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Splints on Horses


Introduction to Splints on Horses:

One of the most common causes in lameness, especially in young horses who are just starting their working careers,  is splints. Splints can occur to horses of any age though and there can be a number of different reasons why they happen. I’ve seen many horse owners fretting and fussing over a horse with a splint, but although they are uncomfortable for the horse, worrisome for the owner and inconveniently disrupt training or competition schedules they rarely cause a long term problem unless they are situated close to a joint or interfere with a ligament.


Metacarpal exostosis, Splints, ‘popping a splint’


The front canon bone is flanked by two smaller ‘splint’ bones which fuse into the canon bone as the horse matures. While the horse is still young, the splint bones are bound to the central canon bone by ligaments. As the horse matures, the ligaments ossifies—turns into bone, and all three bones become one. While the horse is young and the ligament is still flexible however, strain and injury can occur. The horse may have an injury from a kick or hitting the leg on another object or the injury may be the result of concussion from working too hard. Splints in horses and shin splints in humans are only vaguely similar as both involve strain to the ligaments, but humans can get shin splints any time during their lives as many joggers and runners will tell you and our shin bones don’t fuse to any other bones as we mature.

As the horse ages, and the bones securely fuse, there is less likelihood that  they will develop splints. Usually by the time the horse is about four years old,  the splint and canon bones will be one. There is a chance of reinjury if the horse's workload is too great.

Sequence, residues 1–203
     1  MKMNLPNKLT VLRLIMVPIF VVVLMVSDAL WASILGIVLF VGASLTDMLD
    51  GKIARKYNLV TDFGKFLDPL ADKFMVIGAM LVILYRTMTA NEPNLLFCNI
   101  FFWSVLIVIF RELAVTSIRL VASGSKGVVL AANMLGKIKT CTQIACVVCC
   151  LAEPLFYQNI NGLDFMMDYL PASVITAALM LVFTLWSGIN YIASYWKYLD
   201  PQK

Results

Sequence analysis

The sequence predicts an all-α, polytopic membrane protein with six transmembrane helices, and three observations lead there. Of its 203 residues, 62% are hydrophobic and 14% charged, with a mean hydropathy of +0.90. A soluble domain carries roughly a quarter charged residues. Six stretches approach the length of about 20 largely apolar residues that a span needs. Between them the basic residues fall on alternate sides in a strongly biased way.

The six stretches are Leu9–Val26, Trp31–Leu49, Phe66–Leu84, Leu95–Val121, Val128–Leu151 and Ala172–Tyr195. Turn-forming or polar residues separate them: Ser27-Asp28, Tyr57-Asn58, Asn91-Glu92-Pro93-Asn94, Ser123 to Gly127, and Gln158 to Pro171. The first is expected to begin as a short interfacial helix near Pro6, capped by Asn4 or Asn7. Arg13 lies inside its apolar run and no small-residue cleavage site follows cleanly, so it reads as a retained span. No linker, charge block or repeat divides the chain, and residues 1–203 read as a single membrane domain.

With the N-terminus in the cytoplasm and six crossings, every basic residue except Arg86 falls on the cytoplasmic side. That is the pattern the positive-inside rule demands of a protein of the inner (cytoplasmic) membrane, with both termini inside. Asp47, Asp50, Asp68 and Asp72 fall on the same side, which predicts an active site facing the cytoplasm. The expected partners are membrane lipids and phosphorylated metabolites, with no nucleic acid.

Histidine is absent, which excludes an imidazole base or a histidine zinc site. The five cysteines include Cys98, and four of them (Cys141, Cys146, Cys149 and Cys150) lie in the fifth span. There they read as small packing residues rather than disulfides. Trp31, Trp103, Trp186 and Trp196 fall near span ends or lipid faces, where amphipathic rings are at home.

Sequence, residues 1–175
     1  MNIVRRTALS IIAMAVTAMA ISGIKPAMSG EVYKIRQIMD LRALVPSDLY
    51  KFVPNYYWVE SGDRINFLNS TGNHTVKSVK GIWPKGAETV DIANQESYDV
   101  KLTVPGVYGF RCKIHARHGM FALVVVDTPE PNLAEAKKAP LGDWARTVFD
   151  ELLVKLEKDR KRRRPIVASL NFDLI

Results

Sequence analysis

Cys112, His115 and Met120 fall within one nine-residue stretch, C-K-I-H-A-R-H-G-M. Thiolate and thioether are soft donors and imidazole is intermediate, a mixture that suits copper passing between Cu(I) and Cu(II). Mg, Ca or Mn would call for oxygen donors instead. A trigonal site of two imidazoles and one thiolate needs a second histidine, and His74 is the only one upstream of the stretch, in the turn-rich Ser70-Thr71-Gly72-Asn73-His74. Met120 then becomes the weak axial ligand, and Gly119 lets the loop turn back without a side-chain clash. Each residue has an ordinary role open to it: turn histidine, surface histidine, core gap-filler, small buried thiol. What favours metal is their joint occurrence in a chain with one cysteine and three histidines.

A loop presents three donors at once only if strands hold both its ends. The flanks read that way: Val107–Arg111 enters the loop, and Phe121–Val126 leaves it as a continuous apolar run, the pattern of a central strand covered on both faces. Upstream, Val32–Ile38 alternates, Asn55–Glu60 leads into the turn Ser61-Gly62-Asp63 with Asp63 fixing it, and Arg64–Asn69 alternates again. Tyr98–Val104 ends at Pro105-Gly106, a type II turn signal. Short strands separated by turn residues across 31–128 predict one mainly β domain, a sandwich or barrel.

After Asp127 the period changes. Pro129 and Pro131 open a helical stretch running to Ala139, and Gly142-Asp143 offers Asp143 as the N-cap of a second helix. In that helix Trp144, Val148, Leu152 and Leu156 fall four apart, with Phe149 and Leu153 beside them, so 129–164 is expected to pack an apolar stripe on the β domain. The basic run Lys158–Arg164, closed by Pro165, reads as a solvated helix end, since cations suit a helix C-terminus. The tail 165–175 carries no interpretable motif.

If your young horse appears lame after you begin its training, it’s very likely a splint is the problem. As the horse trots, you will see it favor one leg and likely bob its head as it tries to balance itself to take some of the load off of the sore leg.


If you feel along the sides of the canon bone on the outside or inside, you will find a very sore spot that indicates the inflamed area.  Heat and swelling well be present and the swelling might start to feel hard as the ligament calcifies. Because of how the leg bones are angled it is more common for splints to develop along the inside of the leg. It’s also possible for the horse to develop multiple splints, or one splint will be healing as another is beginning. Many horse owners will diagnose splints themselves, although if you’ve never dealt with splints before a veterinarian will help confirm the diagnoses and suggest treatment. Splint bones can fracture too and the symptoms are similar, so it’s important that you know what you are dealing with.


Your veterinarian will likely suggest that your horse be kept quite, with a short time of stall rest. Turn-out on soft surfaces will be best to prevent further injury from concussion. Your vet may recommend medications to help reduce the inflammation, and prevent excess calcification. Cold hosing and icing may help with inflammation. Many horse owners will let the splint heal without medication.


To prevent splints, a young horse should have its workload increased very slowly. Jumping, long fast distances over hard surfaces, fast stops and roll backs should be avoided until the horse’s bones have completely matured. Over-feeding, as is done with some youngsters headed for the show ring may make them more susceptible to splints. Good hoof care is essential as is good nutrition. Splint boots may help prevent a horse from hitting itself with its own hooves. This is more likely in youngsters who are unbalanced when first learning to carry a rider.


  • www.ker.com/library/EquineReview/2006/HealthLine/HL38.pdf
  • Hayes, M. Horace, and Peter D. Rossdale. Veterinary notes for horse owners: an illustrated manual of horse medicine and surgery. 17th ed. New York: Prentice Hall Press, 1987. Print.
  • "The Merck Veterinary Manual." The Merck Veterinary Manual. N.p., n.d. Web. 25 May 2012.

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